Taverns act as your home away from home, allowing you to hire new crew members, for a fee of course, and generally stock up in between your perilous adventures. Keeping your crew happy is important and stopping at these taverns lets you do things to keep them so: feed them, boost morale, and patching wounds. You’ll definitely want to look after them considering you’ll spend time molding them into real pirates, each one full of abilities and skills to upgrade. All of this is done through fighting and using skill books you find or purchase in your travels.
You’ll be able to plot courses from one randomized island to another, and each one might have some treasure to find. In the course of your travels, you’ll want to build your ship up. You can do this block-by-block, adding ladders and bigger hulls until it’s towering enough to hold all your crew and combat higher level pirates you’ll come across on the open sea. The ship battles allow you to board the opposing ship, where you can either commandeer the ship, or plunder the resources once you have cleared it of its crew. The resources you gain from these battles can be used to expand your own ship.
Whilst all this can be entertaining, despite my issues with the controls, it is only so for a few hours. PP does being to wane on fresh content after a short time. You’ll firstly narrow enemy types down to about two or three, then discover the same animals to kill on most islands, reaping very similar rewards each time. The taverns, shops and scenery become wildly familiar from one location to the next, and because combat is automatic after selecting an enemy, there’s little joy in repeatedly fighting.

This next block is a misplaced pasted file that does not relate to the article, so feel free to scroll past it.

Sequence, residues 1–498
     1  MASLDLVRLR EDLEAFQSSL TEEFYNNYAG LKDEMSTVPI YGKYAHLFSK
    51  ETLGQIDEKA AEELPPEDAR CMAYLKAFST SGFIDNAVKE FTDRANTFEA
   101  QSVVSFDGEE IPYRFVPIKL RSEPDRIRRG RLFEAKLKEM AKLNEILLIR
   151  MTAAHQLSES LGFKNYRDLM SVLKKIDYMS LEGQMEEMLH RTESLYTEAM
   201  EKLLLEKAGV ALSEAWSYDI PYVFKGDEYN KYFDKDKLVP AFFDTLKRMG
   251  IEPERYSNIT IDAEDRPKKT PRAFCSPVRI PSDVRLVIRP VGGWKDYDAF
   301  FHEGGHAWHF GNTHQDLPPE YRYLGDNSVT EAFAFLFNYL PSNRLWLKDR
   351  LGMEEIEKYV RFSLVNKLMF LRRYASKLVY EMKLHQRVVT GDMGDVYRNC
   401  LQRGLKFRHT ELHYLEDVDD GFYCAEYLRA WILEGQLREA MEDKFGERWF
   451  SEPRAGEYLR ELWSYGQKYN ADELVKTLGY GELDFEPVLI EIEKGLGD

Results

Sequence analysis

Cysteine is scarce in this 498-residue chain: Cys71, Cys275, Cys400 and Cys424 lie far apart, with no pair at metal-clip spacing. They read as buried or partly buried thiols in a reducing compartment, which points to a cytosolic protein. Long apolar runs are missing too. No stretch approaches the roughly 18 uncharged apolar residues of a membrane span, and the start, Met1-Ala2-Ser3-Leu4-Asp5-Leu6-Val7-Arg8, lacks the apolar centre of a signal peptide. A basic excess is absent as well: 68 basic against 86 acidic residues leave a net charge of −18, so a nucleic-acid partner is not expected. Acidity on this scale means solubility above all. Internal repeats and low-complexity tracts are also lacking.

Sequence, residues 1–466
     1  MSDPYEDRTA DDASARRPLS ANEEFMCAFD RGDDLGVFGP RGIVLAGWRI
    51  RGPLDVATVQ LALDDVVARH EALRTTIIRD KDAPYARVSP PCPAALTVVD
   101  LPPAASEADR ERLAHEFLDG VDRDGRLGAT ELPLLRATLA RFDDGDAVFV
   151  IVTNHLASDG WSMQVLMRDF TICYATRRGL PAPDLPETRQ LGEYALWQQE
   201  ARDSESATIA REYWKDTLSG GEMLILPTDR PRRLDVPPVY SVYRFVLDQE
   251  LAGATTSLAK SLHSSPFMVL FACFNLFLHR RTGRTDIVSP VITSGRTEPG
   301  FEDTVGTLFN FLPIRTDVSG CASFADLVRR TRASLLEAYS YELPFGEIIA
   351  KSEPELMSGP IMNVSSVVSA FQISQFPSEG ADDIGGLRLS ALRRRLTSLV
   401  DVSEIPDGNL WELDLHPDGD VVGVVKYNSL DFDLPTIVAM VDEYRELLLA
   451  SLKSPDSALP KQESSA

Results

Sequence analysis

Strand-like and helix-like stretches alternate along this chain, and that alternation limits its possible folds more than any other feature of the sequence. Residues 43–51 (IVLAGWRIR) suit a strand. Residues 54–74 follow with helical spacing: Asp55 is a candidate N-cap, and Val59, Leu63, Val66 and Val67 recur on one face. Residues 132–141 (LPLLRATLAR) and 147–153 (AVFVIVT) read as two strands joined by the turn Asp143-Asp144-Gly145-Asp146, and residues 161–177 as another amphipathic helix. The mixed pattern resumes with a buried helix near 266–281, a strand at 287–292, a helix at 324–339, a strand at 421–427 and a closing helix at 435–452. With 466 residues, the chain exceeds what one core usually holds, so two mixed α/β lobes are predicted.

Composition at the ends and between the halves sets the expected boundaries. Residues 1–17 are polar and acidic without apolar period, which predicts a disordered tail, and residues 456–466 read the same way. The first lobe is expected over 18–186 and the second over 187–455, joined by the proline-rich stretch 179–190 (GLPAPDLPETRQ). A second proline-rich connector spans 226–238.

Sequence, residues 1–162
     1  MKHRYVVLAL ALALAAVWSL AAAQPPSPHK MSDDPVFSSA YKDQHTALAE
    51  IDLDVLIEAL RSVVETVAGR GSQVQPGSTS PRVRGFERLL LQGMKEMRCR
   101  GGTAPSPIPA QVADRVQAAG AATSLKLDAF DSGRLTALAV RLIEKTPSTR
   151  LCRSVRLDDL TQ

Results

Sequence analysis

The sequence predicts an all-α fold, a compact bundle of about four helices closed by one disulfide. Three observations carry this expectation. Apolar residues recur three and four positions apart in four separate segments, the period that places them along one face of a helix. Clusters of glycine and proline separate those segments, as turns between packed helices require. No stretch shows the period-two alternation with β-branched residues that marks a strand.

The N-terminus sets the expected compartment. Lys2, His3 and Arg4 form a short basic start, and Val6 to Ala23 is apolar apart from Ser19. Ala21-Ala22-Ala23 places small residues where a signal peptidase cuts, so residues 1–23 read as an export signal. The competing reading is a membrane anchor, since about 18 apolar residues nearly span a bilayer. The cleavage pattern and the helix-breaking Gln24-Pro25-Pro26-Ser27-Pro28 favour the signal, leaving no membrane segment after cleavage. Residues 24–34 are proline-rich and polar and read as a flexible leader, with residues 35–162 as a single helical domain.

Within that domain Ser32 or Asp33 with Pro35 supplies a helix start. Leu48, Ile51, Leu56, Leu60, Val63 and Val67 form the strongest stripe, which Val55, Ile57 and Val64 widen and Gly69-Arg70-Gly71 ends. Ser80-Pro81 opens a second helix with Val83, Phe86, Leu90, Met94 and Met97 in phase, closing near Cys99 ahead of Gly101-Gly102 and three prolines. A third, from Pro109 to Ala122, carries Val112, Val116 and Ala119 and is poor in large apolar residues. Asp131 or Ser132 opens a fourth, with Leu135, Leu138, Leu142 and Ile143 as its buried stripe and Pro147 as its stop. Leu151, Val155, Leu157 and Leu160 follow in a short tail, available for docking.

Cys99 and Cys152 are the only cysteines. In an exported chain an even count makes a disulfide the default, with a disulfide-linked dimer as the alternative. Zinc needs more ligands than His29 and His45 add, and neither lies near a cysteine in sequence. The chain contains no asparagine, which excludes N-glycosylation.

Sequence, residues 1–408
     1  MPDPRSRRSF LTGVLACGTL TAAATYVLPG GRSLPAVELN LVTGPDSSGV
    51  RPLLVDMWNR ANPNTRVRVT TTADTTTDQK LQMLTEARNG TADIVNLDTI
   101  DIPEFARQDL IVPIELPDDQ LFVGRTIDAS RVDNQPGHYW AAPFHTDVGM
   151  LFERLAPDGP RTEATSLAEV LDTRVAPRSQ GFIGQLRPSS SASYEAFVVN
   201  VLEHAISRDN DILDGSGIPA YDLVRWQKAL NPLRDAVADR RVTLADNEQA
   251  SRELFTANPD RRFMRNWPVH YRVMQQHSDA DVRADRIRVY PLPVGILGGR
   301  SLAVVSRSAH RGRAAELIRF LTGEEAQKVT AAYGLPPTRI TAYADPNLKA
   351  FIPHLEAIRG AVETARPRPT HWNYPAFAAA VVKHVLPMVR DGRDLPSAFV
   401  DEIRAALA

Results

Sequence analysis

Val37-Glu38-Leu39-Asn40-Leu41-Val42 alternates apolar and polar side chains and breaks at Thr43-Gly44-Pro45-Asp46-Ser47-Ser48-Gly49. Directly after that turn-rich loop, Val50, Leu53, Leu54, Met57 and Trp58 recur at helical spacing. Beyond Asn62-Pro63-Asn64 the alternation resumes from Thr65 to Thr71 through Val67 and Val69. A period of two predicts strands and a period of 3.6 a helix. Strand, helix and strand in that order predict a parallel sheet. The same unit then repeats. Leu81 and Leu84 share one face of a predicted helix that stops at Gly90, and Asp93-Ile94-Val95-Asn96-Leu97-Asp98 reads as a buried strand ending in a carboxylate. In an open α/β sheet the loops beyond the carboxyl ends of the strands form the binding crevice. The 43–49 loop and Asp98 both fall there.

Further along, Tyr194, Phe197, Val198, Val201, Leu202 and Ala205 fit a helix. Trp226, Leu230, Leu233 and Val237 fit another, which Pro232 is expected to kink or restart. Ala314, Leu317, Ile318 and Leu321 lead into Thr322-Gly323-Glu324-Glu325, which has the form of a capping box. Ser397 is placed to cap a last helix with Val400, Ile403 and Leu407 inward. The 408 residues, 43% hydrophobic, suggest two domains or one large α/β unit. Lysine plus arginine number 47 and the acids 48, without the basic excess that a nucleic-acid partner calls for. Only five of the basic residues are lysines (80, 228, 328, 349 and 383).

As I mentioned, the combat mechanics are hit and miss right off the bat. Attacking a target can be as simple as selecting it and watching your character engage, this wasn’t very apparent when beginning the game. The same goes for the crew, which can be divided up into four different groups and ordered around accordingly. The main issue here is that there is very little feedback on what’s actually happening in the battle, and when there is it can be lost behind a flood of characters and on screen movement. Some of the time, your crew will even simply refuse to follow basic commands, or start to follow them and change their mind about halfway through.
That’s only the half of it when it comes to issues and bugs. Nearly all of the game’s quirks seem to manifest frustration, such as horrible frame rates with busier screens, characters getting stuck in the scenery, menus not showing fully, janky ship building, and ladders that don’t want to be climbed. This is just a few of the problems I had during my time with the game. Additionally, there was an option at the beginning of the game which presented harder enemies at night. I selected this option, but after nearly 12 hours of play, I have yet to see night.
It’s really too bad. I started playing Pixel Piracy thinking I would love this game. It slowly turned into me thinking, “How fast is this downhill tumble going to be?” Many of the gameplay issues and a number of the bugs are game breaking. Hopefully we may see patches that remedy some of the more pressing issues. Until then, I’d hold out for a while.
2 out 5 stars